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Rural Japan is a lot different from the cities. But that's cool, lothar. Didn't know you lived over there.

Anyway oil isn't the begin all and end all of energy. There are many other energy sources, such as fusion (once it's perfected) and then hybrids. Cars are also using less gas to the mile these days. Gradually as the problem escalates people will find solutions.

http://ccs1989.deviantart.com

“If one advances confidently in the direction of his dreams, and endeavors to live the life which he has imagined, he will meet with a success unexpected in common hours.”
-Henry David Thoreau, Walden
last edited on July 14, 2011 11:38AM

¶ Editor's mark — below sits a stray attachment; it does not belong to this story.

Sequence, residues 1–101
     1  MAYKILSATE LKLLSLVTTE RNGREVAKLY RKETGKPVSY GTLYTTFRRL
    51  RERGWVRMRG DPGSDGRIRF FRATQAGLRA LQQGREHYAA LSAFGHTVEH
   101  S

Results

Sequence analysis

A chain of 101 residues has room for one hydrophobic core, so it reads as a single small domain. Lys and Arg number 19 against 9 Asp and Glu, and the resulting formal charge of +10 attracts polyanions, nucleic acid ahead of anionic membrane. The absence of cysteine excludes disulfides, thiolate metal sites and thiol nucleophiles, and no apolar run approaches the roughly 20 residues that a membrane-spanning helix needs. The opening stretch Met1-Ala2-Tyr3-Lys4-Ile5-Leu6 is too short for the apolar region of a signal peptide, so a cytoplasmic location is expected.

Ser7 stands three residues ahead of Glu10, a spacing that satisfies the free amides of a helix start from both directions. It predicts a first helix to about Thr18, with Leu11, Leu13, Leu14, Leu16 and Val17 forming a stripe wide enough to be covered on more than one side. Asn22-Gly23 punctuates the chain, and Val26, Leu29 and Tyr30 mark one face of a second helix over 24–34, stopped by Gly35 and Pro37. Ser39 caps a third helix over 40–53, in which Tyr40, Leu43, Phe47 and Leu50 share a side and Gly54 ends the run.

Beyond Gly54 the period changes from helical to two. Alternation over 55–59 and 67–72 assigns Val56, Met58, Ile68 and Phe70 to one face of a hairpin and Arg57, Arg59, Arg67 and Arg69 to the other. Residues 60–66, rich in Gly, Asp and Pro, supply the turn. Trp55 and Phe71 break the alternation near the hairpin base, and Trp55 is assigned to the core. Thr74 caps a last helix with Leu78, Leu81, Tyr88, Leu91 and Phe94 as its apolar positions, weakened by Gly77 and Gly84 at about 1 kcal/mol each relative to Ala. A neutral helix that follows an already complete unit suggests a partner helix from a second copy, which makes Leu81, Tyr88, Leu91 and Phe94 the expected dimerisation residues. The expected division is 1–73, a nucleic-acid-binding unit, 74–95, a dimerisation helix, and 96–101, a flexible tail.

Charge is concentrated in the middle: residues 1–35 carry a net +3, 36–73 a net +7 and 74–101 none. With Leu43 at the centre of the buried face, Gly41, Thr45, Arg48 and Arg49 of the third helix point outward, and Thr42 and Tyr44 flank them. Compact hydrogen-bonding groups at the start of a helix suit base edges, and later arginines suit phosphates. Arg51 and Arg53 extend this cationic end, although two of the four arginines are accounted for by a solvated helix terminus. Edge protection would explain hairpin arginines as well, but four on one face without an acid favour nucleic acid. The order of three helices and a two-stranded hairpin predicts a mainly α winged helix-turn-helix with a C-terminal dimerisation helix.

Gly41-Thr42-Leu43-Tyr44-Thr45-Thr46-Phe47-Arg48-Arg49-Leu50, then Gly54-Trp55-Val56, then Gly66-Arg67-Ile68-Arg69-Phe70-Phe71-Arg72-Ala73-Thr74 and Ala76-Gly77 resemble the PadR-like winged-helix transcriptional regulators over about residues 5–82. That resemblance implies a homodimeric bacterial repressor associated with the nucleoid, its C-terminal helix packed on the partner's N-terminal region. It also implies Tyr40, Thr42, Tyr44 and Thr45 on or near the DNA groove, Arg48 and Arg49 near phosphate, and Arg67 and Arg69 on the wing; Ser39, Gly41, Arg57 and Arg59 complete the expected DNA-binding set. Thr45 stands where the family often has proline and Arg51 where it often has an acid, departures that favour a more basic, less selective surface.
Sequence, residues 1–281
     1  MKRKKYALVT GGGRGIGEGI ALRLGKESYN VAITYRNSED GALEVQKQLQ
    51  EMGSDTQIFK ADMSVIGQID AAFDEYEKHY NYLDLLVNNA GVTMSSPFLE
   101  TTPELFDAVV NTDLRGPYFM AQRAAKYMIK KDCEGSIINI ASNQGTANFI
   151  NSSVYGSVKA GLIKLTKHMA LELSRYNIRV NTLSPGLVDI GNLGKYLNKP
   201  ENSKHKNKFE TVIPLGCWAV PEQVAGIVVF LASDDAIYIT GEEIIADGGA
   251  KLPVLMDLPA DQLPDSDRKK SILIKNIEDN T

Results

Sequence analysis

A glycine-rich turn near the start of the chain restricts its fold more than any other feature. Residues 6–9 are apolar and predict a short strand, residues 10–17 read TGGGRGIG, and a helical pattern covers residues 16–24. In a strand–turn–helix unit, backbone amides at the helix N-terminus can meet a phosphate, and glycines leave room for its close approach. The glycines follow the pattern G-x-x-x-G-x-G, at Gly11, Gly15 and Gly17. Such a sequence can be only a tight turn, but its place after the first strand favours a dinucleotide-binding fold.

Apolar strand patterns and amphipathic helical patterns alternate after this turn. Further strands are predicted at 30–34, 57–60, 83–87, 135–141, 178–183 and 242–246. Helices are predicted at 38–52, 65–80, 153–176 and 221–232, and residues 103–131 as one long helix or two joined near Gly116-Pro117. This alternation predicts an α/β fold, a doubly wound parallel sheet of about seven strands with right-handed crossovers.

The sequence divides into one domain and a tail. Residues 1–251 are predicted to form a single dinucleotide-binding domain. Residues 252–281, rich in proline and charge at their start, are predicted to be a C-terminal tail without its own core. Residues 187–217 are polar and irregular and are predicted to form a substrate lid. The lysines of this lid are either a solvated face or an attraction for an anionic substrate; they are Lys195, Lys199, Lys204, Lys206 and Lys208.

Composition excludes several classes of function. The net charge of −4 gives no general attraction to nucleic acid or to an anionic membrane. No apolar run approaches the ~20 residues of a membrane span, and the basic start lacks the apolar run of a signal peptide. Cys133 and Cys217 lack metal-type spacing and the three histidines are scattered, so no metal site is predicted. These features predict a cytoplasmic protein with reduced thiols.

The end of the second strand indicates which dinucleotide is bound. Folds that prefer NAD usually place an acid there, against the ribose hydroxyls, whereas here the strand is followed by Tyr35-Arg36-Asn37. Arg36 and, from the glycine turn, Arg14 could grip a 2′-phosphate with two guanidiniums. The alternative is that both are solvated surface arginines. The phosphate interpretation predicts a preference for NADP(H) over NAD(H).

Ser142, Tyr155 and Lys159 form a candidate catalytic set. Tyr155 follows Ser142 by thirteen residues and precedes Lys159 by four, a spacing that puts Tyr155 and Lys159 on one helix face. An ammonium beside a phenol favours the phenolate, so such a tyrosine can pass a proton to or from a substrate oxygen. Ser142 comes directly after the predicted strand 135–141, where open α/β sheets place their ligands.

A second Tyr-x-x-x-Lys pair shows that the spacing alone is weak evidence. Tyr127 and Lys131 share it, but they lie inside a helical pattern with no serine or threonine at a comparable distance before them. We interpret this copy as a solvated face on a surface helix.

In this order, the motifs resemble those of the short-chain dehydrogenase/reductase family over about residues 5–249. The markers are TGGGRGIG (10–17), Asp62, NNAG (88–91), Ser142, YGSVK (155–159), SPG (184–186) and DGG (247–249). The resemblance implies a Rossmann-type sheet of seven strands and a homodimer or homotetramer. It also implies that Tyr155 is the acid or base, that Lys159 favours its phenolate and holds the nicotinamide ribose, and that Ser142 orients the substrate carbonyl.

mapaghimagsik at 4:02PM, Dec. 20, 2006
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ccs1989
Rural Japan is a lot different from the cities. But that's cool, lothar. Didn't know you lived over there.

Anyway oil isn't the begin all and end all of energy. There are many other energy sources, such as fusion (once it's perfected) and then hybrids. Cars are also using less gas to the mile these days. Gradually as the problem escalates people will find solutions.



I had a chemistry professor, who when demonstrating the value of synthetic fabrics, made the statement “oil is far too valuable to burn”

I've had this discussion before, and it seems not many people realize just how tied to oil our agricultural processes are – Not as something burned in the manufacture, but an *ingredient*. Its important to know the difference, because we're closer to achieving sustainable fusion power (a long ways off) than we are to coming up with a fertilizer which a) doesn't use oil as an ingredient and b) provides the same multiplier to of crop yields.

I do share your faith that we will come up with alternative technologies. So hope for the best, but plan for the worst.
last edited on July 14, 2011 1:51PM